Democrat down by one
Rep. Bill FosterBill FosterA guide to the committees: House Diversity of House GOP at risk in 2016 election Lawmakers celebrate Jackie Robinson Day MORE (D-Ill.) is in a tough battle for his district. He trails Republican Randy Hultgren by one point, 42 percent to 43, with 12 percent of likely voters undecided, according to The Hill 2010 Midterm Election Poll.
Hultgren, a state senator, could be hurt by low name recognition.
The poll found 26 percent of likely voters weren’t familiar with
Hultgren, compared with 11 percent who didn’t know Foster. And 27
percent of independents said they weren’t familiar with Hultgren.
won a competitive Republican primary, beating Ethan Hastert, the son of
the former Speaker, by 10 points. That primary, which garnered a lot of
media attention, was one of the earliest in the cycle, taking place in
February. The long time frame between the primary and election could
account for Hultgren’s low voter recognition.
Among independent voters, 45 percent favor Foster, 39 percent favor
Hultgren and 13 percent are undecided. Younger voters and female voters
are leaning toward Foster, while Hultgren is popular among male and
President Obama carried this district, but 45 percent of voters said
they disapproved of the job he’s doing. And 71 percent said the
president would be a factor in their 2010 decision.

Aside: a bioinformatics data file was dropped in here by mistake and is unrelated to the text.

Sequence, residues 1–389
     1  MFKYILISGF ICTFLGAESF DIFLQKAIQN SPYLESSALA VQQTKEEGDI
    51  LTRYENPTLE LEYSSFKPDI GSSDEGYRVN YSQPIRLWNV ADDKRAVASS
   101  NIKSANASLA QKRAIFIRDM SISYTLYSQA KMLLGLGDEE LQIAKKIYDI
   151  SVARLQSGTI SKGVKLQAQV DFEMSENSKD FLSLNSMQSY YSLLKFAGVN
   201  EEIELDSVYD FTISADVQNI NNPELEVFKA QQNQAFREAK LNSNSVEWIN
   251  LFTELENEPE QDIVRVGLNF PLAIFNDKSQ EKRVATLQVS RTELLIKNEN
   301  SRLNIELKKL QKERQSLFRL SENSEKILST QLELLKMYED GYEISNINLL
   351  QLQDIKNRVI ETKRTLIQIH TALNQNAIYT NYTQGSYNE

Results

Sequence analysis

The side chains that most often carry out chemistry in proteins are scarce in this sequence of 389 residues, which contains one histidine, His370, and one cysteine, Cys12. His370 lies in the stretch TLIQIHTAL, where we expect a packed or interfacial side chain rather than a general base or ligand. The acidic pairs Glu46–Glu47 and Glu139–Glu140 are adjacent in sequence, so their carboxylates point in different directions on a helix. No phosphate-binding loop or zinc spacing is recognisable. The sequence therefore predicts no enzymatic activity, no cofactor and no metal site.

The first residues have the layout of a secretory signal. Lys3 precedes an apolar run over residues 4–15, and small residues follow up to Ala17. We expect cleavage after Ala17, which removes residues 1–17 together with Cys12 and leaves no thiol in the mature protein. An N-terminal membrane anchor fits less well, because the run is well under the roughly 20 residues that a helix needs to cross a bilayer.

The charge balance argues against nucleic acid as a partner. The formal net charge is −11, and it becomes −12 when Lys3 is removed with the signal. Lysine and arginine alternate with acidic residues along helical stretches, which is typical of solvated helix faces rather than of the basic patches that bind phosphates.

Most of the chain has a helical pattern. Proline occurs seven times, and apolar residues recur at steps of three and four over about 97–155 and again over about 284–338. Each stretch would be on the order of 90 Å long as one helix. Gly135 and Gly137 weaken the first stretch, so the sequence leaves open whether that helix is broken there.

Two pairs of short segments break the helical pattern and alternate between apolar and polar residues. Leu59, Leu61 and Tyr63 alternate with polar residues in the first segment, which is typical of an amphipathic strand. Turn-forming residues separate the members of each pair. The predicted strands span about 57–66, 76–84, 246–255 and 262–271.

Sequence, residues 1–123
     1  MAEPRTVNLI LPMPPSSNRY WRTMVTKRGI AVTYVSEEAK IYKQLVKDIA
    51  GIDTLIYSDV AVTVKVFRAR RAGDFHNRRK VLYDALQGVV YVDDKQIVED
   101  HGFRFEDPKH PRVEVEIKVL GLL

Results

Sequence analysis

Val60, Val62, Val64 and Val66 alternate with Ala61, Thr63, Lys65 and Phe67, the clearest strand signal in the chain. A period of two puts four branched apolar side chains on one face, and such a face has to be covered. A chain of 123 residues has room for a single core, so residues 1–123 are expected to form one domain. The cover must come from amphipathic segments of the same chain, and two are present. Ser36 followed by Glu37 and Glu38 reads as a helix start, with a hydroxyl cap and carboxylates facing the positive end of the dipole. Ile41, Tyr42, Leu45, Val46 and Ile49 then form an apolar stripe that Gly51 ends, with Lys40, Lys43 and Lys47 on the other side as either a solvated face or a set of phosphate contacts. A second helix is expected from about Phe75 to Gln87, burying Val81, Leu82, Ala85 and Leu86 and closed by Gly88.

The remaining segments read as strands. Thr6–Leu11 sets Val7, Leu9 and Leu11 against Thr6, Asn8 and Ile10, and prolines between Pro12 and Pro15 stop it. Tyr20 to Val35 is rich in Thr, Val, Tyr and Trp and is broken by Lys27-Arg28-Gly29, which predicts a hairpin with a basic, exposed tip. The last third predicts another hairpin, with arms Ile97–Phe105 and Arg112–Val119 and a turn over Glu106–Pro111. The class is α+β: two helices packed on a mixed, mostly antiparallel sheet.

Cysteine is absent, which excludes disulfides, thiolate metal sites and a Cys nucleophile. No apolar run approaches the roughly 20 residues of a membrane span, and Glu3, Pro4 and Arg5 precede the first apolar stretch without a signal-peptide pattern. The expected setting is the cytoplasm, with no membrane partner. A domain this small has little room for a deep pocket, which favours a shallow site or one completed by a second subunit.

When asked about the change Obama brought to Washington, 35 percent
said he brought change “for the worse,” 30 percent said he brought
change “for the better” and 31 percent said nothing has changed.
Foster has brought in some executive-branch help, however, as first lady Michelle ObamaMichelle ObamaFor Democrats, no clear leader Obama reportedly spending a month in French Polynesia Biden names favorite bromance meme with Obama MORE has campaigned for him.
The NRCC has spent around $231,000 in independent expenditures, while the DCCC has spent around $252,000.
The Hill poll was conducted by Penn Schoen Berland Oct. 9-12. The survey consisted of 406 phone interviews among likely voters and has a margin of error of plus or minus 4.9 percent.
Republican challenger ahead by seven points
Rep. Phil Hare (D-Ill.) is in trouble. He ran unopposed in 2008, but this cycle he trails the GOP candidate, Tea Party favorite Bobby Schilling, by seven points — 38 percent to Schilling’s 45 — and 14 percent of likely voters are undecided, according to The Hill 2010 Midterm Election Poll.
even more troubling, 50 percent of independent voters support
Schilling, while only 29 percent support Hare. Also among independents,
45 percent had a negative view of Hare, while only 18 percent had a
negative view of Schilling, who’s never run for office and owns a pizza
President Obama carried this district, and 57 percent of independents gave the president low marks.
Meanwhile, Hare trails by 17 points among male voters, while he only
leads by two points among female voters. Schilling has a 20-point lead
among middle-aged voters. Hare wins younger and older voters by a small
Meanwhile, 95 percent of Republicans said they definitely will vote, while 84 percent of Democrats said the same.
And 38 percent of voters said Obama has brought change to Washington
“for the worse,” while 25 percent said it was “for the better” and 34
percent said nothing has changed.
The NRCC has spent about $341,000 in independent expenditures, while the DCCC has spent around $599,000.
The Hill poll was conducted by Penn Schoen Berland Oct. 12-14. The survey consisted of 417 phone interviews among likely voters and has a margin of error of plus or minus 4.8 percent.